Experiments in the nucleation and solidification of dihydrogen monoxide!
A full scale, working particle accelerator!
The world’s first anti-gravity device!
Cold fusion – it really works!
Giant radioactive kittens!
GM cake!
WOW!!!!! TRULY AMAZING!!!!!!!!!!!!!
Sat November 11, 8pm onwards
6 Cardall St, Newtown
* Publication in international journal guaranteed, or your money back

Climate change – The new questions

The science was settled ten years ago, but it takes ten years to filter through. The economics, however, lag. We’re starting to have some good answers to “how much will it cost”. The answer, probably, is that it will cost one hell of a lot more to let climate change hit us, than it will to do something about it.

And by “one hell of a lot more”, we’re talking tens of trillions of dollars. Possibly hundreds.

Getting that message across is the next step, coz if it takes ten years for this answer to filter its way through to voters… that’s ten years more emissions and ten years closer to the tipping points, whereupon the cost really start to go up.

Anyway, this week’s editorial:

Climate change editorial – the new questions

Food-miles editorial

These editorials go out to a range of people, including several journalists. So I was most pleased to hear back from one, pretty quickly. He wants to run this as a special guest editorial in his paper! Woohoo! World fame!

The paper is the North Taranaki Midweek.

But hey, press is press.


Katipo Menu

The menus at Katipo have changed. No more bar snacks after five pm, i.e. no chips, wedges, toasties or nachos. Its expensive meals only.

Well, after some consultation and discussion between Dave and several customers, its announced that the 5 pm rule is more of a guideline, and a flexible approach will be taken.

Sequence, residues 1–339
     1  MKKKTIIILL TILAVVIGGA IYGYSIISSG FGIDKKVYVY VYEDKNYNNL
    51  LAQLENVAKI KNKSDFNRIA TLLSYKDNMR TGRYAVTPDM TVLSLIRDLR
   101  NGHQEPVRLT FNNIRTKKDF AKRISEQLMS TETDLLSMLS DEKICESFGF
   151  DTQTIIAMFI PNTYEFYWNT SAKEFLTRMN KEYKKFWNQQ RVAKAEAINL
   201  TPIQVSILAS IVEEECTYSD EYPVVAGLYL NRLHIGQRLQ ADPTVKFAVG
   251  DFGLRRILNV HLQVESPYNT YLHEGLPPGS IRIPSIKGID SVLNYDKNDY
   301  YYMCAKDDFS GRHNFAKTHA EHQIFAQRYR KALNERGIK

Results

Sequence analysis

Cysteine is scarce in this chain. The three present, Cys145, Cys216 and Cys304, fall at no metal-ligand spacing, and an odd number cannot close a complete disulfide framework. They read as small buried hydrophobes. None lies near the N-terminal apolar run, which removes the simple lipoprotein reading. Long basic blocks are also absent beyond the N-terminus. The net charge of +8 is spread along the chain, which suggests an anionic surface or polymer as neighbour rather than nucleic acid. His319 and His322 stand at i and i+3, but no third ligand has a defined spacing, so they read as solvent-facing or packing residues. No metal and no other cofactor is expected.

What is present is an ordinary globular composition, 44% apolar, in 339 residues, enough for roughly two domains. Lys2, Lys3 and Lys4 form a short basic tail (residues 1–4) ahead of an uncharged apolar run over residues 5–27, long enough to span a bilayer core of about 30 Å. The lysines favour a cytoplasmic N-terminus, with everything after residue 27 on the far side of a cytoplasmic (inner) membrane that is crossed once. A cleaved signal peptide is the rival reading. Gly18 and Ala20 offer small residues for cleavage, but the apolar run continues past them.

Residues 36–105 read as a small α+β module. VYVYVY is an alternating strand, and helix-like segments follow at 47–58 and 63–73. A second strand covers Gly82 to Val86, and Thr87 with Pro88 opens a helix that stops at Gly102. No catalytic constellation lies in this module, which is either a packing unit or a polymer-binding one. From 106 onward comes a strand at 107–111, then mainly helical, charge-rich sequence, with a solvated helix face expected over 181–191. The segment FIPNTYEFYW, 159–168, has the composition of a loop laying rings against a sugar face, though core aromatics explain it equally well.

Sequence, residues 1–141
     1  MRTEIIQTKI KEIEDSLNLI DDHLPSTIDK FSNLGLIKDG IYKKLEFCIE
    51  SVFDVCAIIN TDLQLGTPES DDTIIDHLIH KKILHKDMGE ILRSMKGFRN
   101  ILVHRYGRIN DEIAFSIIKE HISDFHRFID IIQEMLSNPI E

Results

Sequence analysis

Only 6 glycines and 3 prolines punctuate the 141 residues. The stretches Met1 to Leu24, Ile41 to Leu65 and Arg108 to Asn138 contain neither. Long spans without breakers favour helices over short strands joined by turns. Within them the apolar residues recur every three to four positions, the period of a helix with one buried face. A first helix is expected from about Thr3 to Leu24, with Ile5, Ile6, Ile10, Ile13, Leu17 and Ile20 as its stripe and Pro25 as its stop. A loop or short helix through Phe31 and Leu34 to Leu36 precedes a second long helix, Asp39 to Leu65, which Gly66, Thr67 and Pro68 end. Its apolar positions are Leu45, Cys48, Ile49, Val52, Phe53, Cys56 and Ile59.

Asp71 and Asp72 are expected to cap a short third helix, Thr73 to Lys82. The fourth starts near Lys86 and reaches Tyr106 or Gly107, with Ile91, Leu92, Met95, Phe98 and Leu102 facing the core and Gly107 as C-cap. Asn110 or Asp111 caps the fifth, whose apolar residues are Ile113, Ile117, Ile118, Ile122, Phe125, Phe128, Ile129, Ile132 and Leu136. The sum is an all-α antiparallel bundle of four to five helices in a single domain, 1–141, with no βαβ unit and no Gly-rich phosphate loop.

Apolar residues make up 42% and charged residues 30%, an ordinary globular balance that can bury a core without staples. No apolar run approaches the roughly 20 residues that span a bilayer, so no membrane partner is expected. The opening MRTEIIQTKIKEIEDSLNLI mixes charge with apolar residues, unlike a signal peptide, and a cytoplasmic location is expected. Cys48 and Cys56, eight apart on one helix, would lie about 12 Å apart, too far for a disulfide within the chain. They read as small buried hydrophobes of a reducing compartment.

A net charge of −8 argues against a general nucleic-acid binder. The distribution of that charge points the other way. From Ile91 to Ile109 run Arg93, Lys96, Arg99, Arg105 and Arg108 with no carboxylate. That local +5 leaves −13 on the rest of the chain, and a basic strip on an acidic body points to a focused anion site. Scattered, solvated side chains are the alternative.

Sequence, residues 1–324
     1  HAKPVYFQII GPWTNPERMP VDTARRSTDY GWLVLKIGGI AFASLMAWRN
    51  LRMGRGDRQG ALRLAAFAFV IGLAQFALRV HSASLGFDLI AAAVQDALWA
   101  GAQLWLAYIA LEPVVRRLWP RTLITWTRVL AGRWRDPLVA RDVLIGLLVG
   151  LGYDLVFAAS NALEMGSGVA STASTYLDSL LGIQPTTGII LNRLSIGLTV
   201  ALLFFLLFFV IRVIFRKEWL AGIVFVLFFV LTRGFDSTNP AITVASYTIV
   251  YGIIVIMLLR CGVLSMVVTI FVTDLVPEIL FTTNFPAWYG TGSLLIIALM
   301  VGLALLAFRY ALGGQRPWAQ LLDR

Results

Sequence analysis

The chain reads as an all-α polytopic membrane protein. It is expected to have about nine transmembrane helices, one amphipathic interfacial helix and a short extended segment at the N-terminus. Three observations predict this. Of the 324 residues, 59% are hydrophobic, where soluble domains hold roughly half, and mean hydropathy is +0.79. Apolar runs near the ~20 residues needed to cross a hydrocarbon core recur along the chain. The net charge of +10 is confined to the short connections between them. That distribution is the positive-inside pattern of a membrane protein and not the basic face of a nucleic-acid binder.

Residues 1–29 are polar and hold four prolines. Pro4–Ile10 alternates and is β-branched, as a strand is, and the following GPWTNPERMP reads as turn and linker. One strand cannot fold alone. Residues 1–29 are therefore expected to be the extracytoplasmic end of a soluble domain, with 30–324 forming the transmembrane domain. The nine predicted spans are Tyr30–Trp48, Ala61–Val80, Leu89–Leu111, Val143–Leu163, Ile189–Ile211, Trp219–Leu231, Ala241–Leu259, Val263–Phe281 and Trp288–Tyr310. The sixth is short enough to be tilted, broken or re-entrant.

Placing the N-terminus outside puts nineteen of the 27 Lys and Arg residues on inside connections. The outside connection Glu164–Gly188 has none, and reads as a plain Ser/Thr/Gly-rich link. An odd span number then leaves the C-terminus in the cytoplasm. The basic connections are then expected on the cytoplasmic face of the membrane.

Note to self: When taking nurofen, remember to swallow it. Do not forget that you’re taking nurofen and start sucking on the sweet candy in your mouth. Coz you rapidly get through the sweet candy covering, and to the utterly, utterly foul stuff underneath.


Sick but not bored

I hate being bored, so normally I hate being sick. Lying there, all listless, wanting to Do Stuff but not capable. But not this time. This time, I just want to sleep. That passes the time quite nicely.

Me no K tonight.

Last economics lecture ever!

“In the year of our Lord 1432, there arose a grievous quarrel among the brethren over the number of teeth in the mouth of a horse. For thirteen days the disputation raged without ceasing. All the ancient books and chronicles were fetched out, and wonderful and ponderous erudition such as was never before heard of in this region was made manifest. At the beginning of the fourteenth day, a youthful friar of goodly bearing asked his learned superiors for permission to add a word, and straightway, to the wonderment of the disputants, whose deep wisdom he sore vexed, he beseeched them to unbend in a manner coarse and unheard-of and to look in the open mouth of a horse and find answer to their questionings. At this, their dignity being grievously hurt, they waxed exceeding wroth; and, joining in a mighty uproar, they flew upon him and smote him, hip and thigh, and cast him out forthwith. For, said they, surely Satan hath tempted this bold neophyte to declare unholy and unheard-of ways of finding truth, contrary to all the teachings of the fathers. After many days more of grievous strife, the dove of peace sat on the assembly, and they as one man declaring the problem to be an everlasting mystery because of a grievous dearth of historical and theological evidence thereof, so ordered the same writ down.” – Francis Bacon, 1592